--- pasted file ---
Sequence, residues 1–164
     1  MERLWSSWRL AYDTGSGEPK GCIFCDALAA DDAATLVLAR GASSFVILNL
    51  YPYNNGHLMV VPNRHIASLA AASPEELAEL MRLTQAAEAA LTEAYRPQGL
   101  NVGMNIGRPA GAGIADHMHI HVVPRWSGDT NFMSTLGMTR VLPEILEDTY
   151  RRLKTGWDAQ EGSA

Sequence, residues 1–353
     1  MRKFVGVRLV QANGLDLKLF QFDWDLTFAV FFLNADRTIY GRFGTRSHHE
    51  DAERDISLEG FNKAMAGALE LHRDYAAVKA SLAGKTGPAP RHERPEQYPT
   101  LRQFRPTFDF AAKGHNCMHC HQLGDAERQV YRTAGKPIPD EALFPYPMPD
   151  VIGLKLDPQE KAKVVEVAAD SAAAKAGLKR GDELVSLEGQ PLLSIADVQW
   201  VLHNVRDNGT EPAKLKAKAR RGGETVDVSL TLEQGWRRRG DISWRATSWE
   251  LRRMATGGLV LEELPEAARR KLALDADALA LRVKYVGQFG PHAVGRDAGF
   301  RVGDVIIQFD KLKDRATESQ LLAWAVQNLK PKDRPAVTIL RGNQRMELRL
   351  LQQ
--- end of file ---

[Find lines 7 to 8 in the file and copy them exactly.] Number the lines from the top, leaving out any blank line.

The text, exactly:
     1  MRKFVGVRLV QANGLDLKLF QFDWDLTFAV FFLNADRTIY GRFGTRSHHE
    51  DAERDISLEG FNKAMAGALE LHRDYAAVKA SLAGKTGPAP RHERPEQYPT